“We don’t do patient satisfaction surveys - we’re trying to find a way to implement them in the clinic so right now only testimonials are being sent in.”

 

To no surprise at all, COVID-19 had impacted the frequency and rigour of evaluations for many PT residents.

One PT resident shared that they get a small formal evaluation every couple of months and that they are enjoying their autonomy with a few check-ins. Another PT resident is tracking their own numbers as they are having bi-monthly meetings that are less numbers-driven because of COVID. 

 

What are some things you WISH you knew coming out of school or wish your program better prepared you for? 

PT school prepares us for a lot, but understandably, not everything. That would be unrealistic. Often we must learn by doing… though it's very nice to get a heads up on things to come so we can best prepare ourselves for the challenges of transitioning from school to work. 

One PT resident wished school spent far more time on movement analysis as well as understanding exercise principles and general exercises in school. They had a LOT to say about how new grads should be experts right out of the gate:

“We’re advertised as movement experts, yet we graduate with very little exercise knowledge. We should have equal evaluation skills to orthopedic surgeons - we should not be on par with chiropractors and kinesiologists. I’ve spent a lot of time researching stuff myself. I wonder why we didn’t spend more time on item clusters and differential diagnosis.”

Other PT residents shared similar sentiments - they wished school taught them more about focusing on diagnostics instead of learning “billions of tests for hips”.

I wish they taught more about how to structure treatment sessions and conversation about treatment expectations.”

 

Some PT residents wished there was more of a focus on the business aspect of care, which makes complete sense because I don’t know about you, but I still struggle with the difference between an employee vs. an Independent contractor!

“I wish we spent more time on the business aspect. How do you have a conversation about money with your patient is something I wish we learned more about. How to track your own metrics, read a contract, NEGOTIATE a contract… I understand that 2 years is not enough to cover everything, but it’s tough ya know?”

 

What’s your #1 piece of advice for new grads or students about to graduate?

Ahh, the moment you’ve all been waiting for. I’ll keep this concise, yet authentic. 

Self-care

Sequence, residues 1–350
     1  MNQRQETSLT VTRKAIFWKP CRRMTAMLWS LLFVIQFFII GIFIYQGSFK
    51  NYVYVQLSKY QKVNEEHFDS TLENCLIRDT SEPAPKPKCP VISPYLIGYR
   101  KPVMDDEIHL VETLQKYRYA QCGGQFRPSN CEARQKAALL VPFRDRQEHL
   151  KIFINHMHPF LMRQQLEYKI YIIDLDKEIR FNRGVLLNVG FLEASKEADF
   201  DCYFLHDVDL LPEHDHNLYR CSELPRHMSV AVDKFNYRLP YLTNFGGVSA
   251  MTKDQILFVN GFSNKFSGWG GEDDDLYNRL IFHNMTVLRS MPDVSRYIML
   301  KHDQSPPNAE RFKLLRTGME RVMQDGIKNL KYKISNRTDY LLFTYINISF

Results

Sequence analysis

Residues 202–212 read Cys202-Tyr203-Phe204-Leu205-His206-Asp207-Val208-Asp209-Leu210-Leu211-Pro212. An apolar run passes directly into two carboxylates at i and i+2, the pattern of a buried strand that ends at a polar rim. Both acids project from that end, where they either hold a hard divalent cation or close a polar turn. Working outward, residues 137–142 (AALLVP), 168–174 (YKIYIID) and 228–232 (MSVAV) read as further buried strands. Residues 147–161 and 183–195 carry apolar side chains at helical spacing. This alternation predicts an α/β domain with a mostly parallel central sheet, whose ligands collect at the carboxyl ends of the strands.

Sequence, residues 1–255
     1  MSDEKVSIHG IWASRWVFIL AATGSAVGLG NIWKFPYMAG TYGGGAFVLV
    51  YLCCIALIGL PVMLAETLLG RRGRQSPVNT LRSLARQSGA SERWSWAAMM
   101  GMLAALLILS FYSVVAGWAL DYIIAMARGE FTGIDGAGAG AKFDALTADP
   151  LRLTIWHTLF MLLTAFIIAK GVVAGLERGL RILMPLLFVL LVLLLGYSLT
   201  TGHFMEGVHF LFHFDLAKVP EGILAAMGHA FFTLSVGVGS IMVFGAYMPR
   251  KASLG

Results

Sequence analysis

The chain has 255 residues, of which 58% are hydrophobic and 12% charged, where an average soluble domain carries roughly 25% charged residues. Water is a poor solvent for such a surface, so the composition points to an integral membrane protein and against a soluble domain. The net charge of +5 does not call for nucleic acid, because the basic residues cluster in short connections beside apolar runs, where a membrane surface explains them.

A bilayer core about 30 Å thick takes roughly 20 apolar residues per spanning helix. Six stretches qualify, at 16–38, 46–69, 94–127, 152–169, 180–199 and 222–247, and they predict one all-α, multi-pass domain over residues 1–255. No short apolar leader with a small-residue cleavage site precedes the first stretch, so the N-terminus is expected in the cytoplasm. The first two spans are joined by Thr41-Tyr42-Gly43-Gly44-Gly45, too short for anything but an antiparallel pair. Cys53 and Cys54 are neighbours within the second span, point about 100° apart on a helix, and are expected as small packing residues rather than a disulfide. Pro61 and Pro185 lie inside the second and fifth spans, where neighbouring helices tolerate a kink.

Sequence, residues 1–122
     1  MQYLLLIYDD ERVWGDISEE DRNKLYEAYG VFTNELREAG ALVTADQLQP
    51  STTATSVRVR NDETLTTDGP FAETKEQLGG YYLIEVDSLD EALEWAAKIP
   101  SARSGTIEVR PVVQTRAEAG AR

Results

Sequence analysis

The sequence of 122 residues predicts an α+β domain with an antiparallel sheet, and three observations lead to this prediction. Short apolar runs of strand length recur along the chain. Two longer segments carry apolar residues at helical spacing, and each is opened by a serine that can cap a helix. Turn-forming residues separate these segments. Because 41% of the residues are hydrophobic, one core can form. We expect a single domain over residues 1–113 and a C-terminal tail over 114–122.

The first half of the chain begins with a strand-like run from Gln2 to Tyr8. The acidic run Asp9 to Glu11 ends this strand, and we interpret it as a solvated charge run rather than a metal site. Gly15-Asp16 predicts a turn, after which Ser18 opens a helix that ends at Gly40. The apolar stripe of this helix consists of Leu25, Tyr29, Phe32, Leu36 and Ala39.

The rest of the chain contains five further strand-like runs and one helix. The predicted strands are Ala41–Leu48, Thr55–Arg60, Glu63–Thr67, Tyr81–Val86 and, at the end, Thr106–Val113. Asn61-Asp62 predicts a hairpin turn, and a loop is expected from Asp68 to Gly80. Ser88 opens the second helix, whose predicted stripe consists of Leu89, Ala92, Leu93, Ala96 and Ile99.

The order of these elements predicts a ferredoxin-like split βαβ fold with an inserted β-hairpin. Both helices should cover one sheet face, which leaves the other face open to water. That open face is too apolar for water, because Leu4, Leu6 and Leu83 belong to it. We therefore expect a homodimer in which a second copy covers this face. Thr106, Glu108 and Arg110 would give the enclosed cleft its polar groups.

“Know your value, know when to say no, know when to stand up for yourself. Burnout is real!. COVID and being a new grad is hard and you’re not gonna know all the answers right away, don’t beat yourself up over that. Be kind to yourself!”

“Taking time off, whatever that looks like for you is huge! You WILL get busy and it’s so much harder to take time off later on.”

Job hunting

“Apply to everything. You don’t know what you’ll like. Test the waters. I received several job offers and interviews. There’s like a zero unemployment rate for physiotherapists.”

“Spend time shadowing - be picky, ask questions. You DON’T have to settle for the first offer.”

“You might feel it’s super stressful, but when you look back, it’s really not that bad. The job rate is pretty high and yeah you can end up in a bad clinic, you can always leave the clinic right?”

Learning

“Be judicious about what information you consume vs. how much you apply. In this day of social media and everyone being an influencer, there’s so much crap out there. Read 1 research paper instead of scrolling through a bunch of Instagram posts. Fumble around and make mistakes, you’ll get better through that.”

“Try not to get too hung up on the small stuff, trust that you have a lot in your brain that you don’t know that’s there. You’ll be surprised with how much you really know and you’ll learn so much in the first year.”

 

 

What’s Next?

That brings us to the end of this 3 part blog series!

A huge shout out to all the PT residents that took time out of their busy (and apparently full!) schedules to give back to the PT community in such a meaningful way.

The transition from school to work as a full-fledged physiotherapist can be frightening but I hope you took something away from these blogs to make the journey a little less rocky.

If you’re interested in learning more about the business side of physiotherapy, check out Embodia’s private practice/business related courses!